This study presents the development of second spine, an upper body assistive device for human load carriage. The motivation comes from reducing musculoskeletal injuries caused by carrying a heavy load on the upper body. Our aim was to design a wearable upper body device that can prevent musculoskeletal injuries during human load carriage by providing a secondary load pathway—second spine—to transfer the loads from shoulders to pelvis while also allowing a good range of torso motion to the wearer. Static analysis of the backpack and the second spine was first performed to investigate the feasibility of our concept design. The development of second spine had two considerations: load distribution between shoulders and pelvis, and preserving the range of torso motion. The design was realized using load bearing columns between the shoulder support and hip belt, comprising multiple segments interconnected by cone-shaped joints. The performance of second spine was evaluated through experimental study, and its biomechanical effects on human loaded walking were also assessed. Based on the findings from second spine evaluation, we proposed the design of a motorized second spine which aims to compensate the inertia force of a backpack induced by human walking through active load modulation. This was achieved by real-time sensing of human motion and actuating the motors in a way that the backpack motion is kept nearly inertially fixed. Simulation study was carried out to determine the proper actuation of motors in response to the human walking kinematics. The performance of motorized second spine was evaluated through an instrumented test-bed using Instron machine. Results showed a good agreement with simulation. It was shown that the backpack motion can be made nearly stationary with respect to the ground which can further enhance the effectiveness of the device in assisting human load carriage.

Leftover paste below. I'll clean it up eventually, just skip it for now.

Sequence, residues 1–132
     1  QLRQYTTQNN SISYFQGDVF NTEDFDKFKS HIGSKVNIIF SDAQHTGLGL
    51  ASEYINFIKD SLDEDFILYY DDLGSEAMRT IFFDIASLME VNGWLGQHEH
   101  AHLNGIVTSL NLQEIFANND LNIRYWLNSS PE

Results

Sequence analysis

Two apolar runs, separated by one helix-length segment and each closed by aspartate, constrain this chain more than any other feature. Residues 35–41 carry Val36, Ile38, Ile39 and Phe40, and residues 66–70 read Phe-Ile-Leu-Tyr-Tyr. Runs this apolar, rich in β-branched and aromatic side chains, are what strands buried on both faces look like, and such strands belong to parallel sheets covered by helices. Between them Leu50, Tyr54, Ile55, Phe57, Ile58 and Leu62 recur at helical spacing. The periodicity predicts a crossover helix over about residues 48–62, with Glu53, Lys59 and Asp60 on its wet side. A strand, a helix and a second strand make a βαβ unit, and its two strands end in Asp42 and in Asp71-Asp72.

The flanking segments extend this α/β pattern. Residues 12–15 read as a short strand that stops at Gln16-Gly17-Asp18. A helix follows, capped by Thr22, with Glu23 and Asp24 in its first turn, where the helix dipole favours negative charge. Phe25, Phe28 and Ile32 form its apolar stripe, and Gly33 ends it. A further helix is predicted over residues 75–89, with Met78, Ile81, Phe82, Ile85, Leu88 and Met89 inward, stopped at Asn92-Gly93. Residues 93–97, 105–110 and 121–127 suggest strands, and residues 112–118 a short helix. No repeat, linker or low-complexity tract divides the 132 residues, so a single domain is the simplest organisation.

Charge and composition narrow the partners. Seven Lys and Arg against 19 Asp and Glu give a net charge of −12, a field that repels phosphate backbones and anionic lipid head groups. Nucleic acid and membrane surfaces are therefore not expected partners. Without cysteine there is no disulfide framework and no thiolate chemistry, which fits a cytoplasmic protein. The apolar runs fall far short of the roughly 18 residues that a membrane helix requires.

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References